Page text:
IDEAS home Printed from https://ideas.repec.org/p/fem/femwpa/2003.5.html
   My bibliography  Save this paper

Induced Technological Change under Technology Competition

Author

Listed:
  • Reyer Gerlagh

    (IVM, Institute for Environmental Studies, Vrije Universiteit, Amsterdam, The Netherlands)

Abstract

We develop a partial one-sector model with capital, natural resources, and labor as production factors, and endogenous technological change through research. Production exhibits increasing returns to scale. We compare the response of output and resource use to a change in resource prices with and without induced technological change (ITC). It is shown that induced technological change is insignificant in reducing resource use when there is one representative technology and output demand is inelastic to prices. In contrast, substantial gains from ITC appear when we allow for two competing technologies that can be employed for production, while these technologies are good substitutes. Also, in case of two technologies, conditions are specified under which multiple balanced growth paths exist, and it is shown that because of ITC, a temporary resource tax can lock out the economy from a resource intensive path and lock in to a resource extensive path.

Suggested Citation

  • Reyer Gerlagh, 2003. "Induced Technological Change under Technology Competition," Working Papers 2003.5, Fondazione Eni Enrico Mattei.
  • Handle: RePEc:fem:femwpa:2003.5
    as

    Download full text from publisher

    File URL: http://www.feem.it/userfiles/attach/Publication/NDL2003/NDL2003-005.pdf
    Download Restriction: no

    Citations

    Citations are extracted by the CitEc Project, subscribe to its RSS feed for this item.
    as


    Cited by:

    1. Gerlagh, Reyer & Lise, Wietze, 2005. "Carbon taxes: A drop in the ocean, or a drop that erodes the stone? The effect of carbon taxes on technological change," Ecological Economics, Elsevier, vol. 54(2-3), pages 241-260, August.
    2. David Popp, 2003. "ENTICE: Endogenous Technological Change in the DICE Model of Global Warming," NBER Working Papers 9762, National Bureau of Economic Research, Inc.
    3. Reyer Gerlagh & Marjan W. Hofkes, 2004. "Time Profile of Climate Change Stabilization Policy," Working Papers 2004.139, Fondazione Eni Enrico Mattei.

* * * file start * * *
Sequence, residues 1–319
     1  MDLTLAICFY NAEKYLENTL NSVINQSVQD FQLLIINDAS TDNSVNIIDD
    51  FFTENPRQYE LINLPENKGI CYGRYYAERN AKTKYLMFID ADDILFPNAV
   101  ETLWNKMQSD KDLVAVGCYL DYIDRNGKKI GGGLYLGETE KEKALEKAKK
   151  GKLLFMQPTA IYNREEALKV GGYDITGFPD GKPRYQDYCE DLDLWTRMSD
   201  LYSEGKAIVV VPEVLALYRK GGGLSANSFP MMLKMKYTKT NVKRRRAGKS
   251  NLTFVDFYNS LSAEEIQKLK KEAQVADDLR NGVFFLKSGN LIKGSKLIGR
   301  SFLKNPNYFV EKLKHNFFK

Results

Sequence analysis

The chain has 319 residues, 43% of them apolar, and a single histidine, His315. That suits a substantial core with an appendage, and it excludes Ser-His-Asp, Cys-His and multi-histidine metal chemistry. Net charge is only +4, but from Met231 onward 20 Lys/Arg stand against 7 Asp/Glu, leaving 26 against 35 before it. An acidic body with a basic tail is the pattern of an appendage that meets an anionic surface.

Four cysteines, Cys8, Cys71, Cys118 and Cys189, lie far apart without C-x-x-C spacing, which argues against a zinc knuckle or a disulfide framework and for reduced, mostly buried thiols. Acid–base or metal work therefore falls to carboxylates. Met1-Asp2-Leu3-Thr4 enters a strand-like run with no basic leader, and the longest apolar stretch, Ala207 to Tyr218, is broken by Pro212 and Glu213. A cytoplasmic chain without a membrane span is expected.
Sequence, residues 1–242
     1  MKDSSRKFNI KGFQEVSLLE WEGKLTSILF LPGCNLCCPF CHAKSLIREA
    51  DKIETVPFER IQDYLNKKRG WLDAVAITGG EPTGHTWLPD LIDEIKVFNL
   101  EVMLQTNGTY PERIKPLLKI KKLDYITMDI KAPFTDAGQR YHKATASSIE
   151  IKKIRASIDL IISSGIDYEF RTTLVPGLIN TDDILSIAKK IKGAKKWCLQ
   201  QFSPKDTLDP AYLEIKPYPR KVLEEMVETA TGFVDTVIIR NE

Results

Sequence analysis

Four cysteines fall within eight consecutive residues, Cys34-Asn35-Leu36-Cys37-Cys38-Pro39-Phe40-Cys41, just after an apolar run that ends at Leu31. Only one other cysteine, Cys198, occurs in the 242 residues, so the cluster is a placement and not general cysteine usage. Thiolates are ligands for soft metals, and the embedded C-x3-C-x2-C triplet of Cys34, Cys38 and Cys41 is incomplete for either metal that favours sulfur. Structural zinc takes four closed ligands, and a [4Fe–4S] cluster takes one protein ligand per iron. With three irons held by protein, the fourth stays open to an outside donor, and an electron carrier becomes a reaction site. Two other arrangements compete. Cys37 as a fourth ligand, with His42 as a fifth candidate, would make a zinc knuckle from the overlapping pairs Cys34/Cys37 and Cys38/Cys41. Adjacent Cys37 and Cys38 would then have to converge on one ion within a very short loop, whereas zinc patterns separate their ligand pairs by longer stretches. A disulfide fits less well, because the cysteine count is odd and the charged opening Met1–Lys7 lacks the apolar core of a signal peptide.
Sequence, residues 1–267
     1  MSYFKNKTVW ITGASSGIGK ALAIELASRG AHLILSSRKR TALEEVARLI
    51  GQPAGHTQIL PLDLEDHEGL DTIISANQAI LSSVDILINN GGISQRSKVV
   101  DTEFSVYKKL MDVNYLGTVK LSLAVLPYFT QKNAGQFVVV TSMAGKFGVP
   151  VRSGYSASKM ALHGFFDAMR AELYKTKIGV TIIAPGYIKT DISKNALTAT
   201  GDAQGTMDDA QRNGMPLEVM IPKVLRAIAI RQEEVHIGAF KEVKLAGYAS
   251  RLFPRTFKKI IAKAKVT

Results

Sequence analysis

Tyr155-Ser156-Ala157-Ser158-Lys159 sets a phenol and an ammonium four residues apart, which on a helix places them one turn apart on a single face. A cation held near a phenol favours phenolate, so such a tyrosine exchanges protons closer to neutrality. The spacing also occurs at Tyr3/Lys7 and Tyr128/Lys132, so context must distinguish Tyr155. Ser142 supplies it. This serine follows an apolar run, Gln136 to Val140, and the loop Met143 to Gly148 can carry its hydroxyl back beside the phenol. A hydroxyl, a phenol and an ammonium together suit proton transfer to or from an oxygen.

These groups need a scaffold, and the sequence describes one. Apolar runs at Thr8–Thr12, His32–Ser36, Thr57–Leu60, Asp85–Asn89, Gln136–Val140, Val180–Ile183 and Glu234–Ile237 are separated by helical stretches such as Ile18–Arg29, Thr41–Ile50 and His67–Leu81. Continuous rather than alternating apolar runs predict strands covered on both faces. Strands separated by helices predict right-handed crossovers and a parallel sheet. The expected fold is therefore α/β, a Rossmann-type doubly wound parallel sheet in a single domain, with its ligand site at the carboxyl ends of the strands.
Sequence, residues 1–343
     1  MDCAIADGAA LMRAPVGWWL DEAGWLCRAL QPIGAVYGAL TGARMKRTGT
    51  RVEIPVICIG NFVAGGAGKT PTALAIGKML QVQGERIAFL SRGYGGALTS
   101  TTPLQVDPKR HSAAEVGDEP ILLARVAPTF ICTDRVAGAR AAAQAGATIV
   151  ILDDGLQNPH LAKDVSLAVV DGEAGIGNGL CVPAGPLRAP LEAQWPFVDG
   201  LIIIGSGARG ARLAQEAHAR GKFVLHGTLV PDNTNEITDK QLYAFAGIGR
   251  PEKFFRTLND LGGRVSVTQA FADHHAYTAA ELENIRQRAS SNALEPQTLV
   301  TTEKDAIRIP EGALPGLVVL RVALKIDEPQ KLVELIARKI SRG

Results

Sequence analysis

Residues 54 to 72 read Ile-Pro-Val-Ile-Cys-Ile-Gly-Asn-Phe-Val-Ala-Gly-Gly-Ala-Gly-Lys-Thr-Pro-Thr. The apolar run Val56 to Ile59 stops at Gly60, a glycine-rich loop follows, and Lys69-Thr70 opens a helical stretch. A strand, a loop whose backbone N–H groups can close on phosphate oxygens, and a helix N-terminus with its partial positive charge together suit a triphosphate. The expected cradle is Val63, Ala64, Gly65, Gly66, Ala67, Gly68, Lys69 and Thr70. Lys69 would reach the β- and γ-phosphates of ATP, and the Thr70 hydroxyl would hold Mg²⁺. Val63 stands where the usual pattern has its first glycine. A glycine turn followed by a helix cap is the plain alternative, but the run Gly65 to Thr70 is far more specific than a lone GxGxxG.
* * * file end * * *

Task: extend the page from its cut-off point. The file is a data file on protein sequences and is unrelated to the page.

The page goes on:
4. Jérémy Laurent-Lucchetti & Andrew Leach, 2006. "Induced innovation in a decentralized model of climate change," Cahiers de recherche 06-02, HEC Montréal, Institut d'économie appliquée.
    5. Popp, David, 2006. "ENTICE-BR: The effects of backstop technology R&D on climate policy models," Energy Economics, Elsevier, vol. 28(2), pages 188-222, March.

    More about this item

    Keywords

    Induced technological change; environmental taxes; partial equilibrium;

    JEL classification:

    • H23 - Public Economics - - Taxation, Subsidies, and Revenue - - - Externalities; Redistributive Effects; Environmental Taxes and Subsidies
    • O31 - Economic Development, Innovation, Technological Change, and Growth - - Innovation; Research and Development; Technological Change; Intellectual Property Rights - - - Innovation and Invention: Processes and Incentives
    • O41 - Economic Development, Innovation, Technological Change, and Growth - - Economic Growth and Aggregate Productivity - - - One, Two, and Multisector Growth Models
    • Q42 - Agricultural and Natural Resource Economics; Environmental and Ecological Economics - - Energy - - - Alternative Energy Sources
    • Q43 - Agricultural and Natural Resource Economics; Environmental and Ecological Economics - - Energy - - - Energy and the Macroeconomy

    NEP fields

    This paper has been announced in the following NEP Reports:

    Statistics

    Access and download statistics

    Corrections

    All material on this site has been provided by the respective publishers and authors. You can help correct errors and omissions. When requesting a correction, please mention this item's handle: RePEc:fem:femwpa:2003.5. See general information about how to correct material in RePEc.

    For technical questions regarding this item, or to correct its authors, title, abstract, bibliographic or download information, contact: (barbara racah). General contact details of provider: http://edirc.repec.org/data/feemmit.html .

    If you have authored this item and are not yet registered with RePEc, we encourage you to do it here. This allows to link your profile to this item. It also allows you to accept potential citations to this item that we are uncertain about.

    We have no references for this item. You can help adding them by using this form .

    If you know of missing items citing this one, you can help us creating those links by adding the relevant references in the same way as above, for each refering item. If you are a registered author of this item, you may also want to check the "citations" tab in your RePEc Author Service profile, as there may be some citations waiting for confirmation.

    Please note that corrections may take a couple of weeks to filter through the various RePEc services.

    IDEAS is a RePEc service hosted by the Research Division of the Federal Reserve Bank of St. Louis . RePEc uses bibliographic data supplied by the respective publishers.